Saturday, October 2, 2010



Here is part of you

While you sleep —

The small shine

Of silver earrings


I bring them out water

They drink around the ice

Chains rap on the bucket

Shivering I wait

Looking up into the stars

What I see in their eyes

Plowing back to the house

After shaking their coats goodnight

Strength in my hands


The last of my noon hour

Black tin lunch pail

Sitting on a sap soaked maple stump

Woodchips nettled on my woolen socks

Finding the fruit cup she made for me

Clear cold glass in my oiled hand

Neat slices of strawberry and pear


She’s supposed to be land clearing

Heaping brush to burn in first snow

But the pale yellow ghost of tall

Summer grasses she sweeps down

Is instead caught in her hand

And placed that way in a kitchen vase

Showing a warmth to last us through winter


On the garden gate

Left here with me —

Shape of her hands


Down on the river

There is a small place

Where there is no sound

Nothing, and I know it well

And I have been told

And since found

That when climbing back

Loaded with water

At the top of the rise

If you half turn your head

The river will tilt into your ear


Here is the slowness

Of afternoon and sun

A farmhand bending to lift

A sleeve of ice

From a trough

In the pasture

The horse that stands still

The snow we’ve been waiting for


I swore if you laid

Your cheek, wind

Blown red as any

Soft maple leaf

Onto the pond,

And looked down through

The half-foot of

Ice, the rest was

Water flowing clear

Way back up to you —

The scales of depth

Catching your breath


There is the absolute way

Of doing it, and we have done it

Many times and again —

How I will come to you

How you will meet me

The early morning sun

Perfect on the bed, and

Stripes in the Mexican blanket

Like blood, the sea, yellow iris petals —

And it is a silly lovers ritual of ours,

I hug you and you hug me and step onto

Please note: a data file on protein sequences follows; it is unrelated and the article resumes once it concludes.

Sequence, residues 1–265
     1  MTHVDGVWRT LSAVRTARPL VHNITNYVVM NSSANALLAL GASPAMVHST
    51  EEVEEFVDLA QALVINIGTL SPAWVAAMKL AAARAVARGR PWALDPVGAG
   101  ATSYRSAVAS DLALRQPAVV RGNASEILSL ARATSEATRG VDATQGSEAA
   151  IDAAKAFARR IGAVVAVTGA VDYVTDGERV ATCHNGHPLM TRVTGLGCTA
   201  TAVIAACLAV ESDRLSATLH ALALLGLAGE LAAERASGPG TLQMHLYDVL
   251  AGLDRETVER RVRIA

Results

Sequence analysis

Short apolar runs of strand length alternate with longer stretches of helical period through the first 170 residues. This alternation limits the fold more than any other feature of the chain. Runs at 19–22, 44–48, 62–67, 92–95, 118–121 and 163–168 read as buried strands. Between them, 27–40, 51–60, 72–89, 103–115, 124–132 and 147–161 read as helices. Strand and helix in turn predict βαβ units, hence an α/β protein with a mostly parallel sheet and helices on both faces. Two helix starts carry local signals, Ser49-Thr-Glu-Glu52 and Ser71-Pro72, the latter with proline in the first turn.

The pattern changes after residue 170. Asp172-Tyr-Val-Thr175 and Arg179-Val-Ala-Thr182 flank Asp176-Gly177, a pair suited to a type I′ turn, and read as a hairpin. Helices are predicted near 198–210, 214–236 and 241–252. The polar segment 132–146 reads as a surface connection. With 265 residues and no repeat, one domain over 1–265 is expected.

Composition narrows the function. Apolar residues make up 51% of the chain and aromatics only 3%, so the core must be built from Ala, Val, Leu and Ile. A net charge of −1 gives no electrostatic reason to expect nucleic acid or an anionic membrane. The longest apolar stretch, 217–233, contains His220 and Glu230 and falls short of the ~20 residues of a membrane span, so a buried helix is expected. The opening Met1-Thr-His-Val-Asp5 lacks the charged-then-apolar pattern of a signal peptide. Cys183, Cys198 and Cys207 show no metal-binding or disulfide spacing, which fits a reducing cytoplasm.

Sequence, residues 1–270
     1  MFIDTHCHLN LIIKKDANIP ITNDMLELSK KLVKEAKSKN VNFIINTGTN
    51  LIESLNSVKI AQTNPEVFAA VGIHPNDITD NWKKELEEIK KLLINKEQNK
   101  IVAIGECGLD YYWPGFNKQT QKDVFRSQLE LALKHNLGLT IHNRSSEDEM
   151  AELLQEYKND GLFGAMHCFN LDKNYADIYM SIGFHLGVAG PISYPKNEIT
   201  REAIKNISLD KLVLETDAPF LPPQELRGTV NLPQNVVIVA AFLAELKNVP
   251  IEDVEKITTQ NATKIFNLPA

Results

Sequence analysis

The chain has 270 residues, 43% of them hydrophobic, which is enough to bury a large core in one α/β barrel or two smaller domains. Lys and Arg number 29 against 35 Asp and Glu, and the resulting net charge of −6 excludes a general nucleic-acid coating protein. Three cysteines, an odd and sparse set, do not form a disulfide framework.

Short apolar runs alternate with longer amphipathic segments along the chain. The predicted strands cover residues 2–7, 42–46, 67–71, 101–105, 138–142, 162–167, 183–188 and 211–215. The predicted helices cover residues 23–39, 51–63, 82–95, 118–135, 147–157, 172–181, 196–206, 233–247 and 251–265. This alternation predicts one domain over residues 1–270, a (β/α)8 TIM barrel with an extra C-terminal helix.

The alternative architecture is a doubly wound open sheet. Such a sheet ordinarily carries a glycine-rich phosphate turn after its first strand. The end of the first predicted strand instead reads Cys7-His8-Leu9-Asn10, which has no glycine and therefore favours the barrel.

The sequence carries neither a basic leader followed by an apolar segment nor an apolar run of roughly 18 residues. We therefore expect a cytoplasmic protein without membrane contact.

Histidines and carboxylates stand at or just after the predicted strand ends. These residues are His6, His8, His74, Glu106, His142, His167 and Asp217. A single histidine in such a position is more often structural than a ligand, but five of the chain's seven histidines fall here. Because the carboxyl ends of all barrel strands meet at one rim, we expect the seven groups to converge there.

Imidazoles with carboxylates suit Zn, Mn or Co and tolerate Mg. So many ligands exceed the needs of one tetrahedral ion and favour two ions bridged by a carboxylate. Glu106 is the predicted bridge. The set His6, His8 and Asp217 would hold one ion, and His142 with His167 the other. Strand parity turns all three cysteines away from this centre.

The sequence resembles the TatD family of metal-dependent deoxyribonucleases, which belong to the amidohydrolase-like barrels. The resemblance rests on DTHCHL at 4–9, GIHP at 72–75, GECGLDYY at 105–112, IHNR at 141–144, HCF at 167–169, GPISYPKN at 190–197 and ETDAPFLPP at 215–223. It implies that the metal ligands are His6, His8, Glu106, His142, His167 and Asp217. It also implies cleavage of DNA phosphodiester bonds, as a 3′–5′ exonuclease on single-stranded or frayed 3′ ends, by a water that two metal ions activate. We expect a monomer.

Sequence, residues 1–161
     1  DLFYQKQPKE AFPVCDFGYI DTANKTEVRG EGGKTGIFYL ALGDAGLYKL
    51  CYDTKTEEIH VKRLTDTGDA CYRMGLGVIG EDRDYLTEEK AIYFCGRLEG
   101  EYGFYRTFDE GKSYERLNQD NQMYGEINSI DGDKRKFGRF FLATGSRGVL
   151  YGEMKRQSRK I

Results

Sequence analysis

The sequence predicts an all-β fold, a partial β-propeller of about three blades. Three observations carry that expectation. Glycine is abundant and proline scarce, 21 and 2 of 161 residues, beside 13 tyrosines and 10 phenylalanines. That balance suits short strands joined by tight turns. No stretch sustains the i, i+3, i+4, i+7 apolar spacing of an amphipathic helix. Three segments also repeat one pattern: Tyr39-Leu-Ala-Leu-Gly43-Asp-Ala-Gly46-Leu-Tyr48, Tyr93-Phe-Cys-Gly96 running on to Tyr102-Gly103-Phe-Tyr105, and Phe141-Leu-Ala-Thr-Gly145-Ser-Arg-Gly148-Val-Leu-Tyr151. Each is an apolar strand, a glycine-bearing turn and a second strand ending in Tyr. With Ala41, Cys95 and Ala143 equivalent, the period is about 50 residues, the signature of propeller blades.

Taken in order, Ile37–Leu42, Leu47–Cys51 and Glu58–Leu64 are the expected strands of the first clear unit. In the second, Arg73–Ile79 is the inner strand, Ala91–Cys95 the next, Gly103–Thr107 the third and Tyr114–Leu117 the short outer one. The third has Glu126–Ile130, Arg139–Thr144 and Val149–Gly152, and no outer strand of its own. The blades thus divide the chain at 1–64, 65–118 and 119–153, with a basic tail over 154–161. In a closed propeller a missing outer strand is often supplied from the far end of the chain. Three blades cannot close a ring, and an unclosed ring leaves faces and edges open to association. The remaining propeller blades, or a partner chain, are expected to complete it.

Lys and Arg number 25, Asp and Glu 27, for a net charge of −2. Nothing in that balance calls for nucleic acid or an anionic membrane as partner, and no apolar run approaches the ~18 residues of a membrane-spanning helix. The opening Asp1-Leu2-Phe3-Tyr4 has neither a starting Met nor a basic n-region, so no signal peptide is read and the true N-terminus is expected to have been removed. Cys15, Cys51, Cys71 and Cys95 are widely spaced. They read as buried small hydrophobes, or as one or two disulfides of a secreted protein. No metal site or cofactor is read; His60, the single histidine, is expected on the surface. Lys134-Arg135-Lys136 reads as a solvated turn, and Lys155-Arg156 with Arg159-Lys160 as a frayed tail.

My boots, and I walk you and me around the

Sunlit room, the sway of patchouli in your hair,

And your face smooth against my lips

Like the inside of your hands


Tonight, because her hand is in pain, the small finger

Swollen, yes, I’ll stir the

Batter, although she is better

And first taught me how

Something is done right.

And I came from behind

And smelled the skin of

Her neck, the long blonde

Hairs alive and the blouse

White and rough, tucked into

A thin summer skirt.

Winter, near Christmas,

3 feet of snow and her

Body moves across the

Cabin room with summer,

A clay bowl with

Colored stripes in her

Arms, the fresh heat

Of the flat iron stove.


By the river I found her —

Long and short feathers matted by weeks of rain,

A soft spotted down on her chest,

The whole body twisted in the crotch of an ironwood

This hawk hung and not a right way to die.

Nudged out with my axe handle it fell with no life,

Eyes gone and the rotting smell of blood and grease.

I cut the claws for the first time, others I’ve left —

One talon broken off and the muscular flex of skin

No different than a man’s, except for the ruggedness,

The pale yellow of it, but a companion to my own.

And the tail feathers — still a beautiful tan — pinned

Open for flight on rough pine boards inside our cabin,

I only buried some of her.


I’ve got to go pretty soon

So I’ll take my boots off

And shake out the snow,

Sit close to the fire you

Have built, then left for me.

I’m in no hurry until the sun comes up.

My snowshoes need new leather straps

But for now they’ll have to do,

Carry me to the woods where I work

Thinning out the half bowl of a hillside —

That’s what it looks like — and sometimes

I rest and watch it for what it is, with my

Wet gloves off, the clearness above me.

© Bob Arnold
from Where Rivers Meet
(Mad River Press)

photos © bob arnold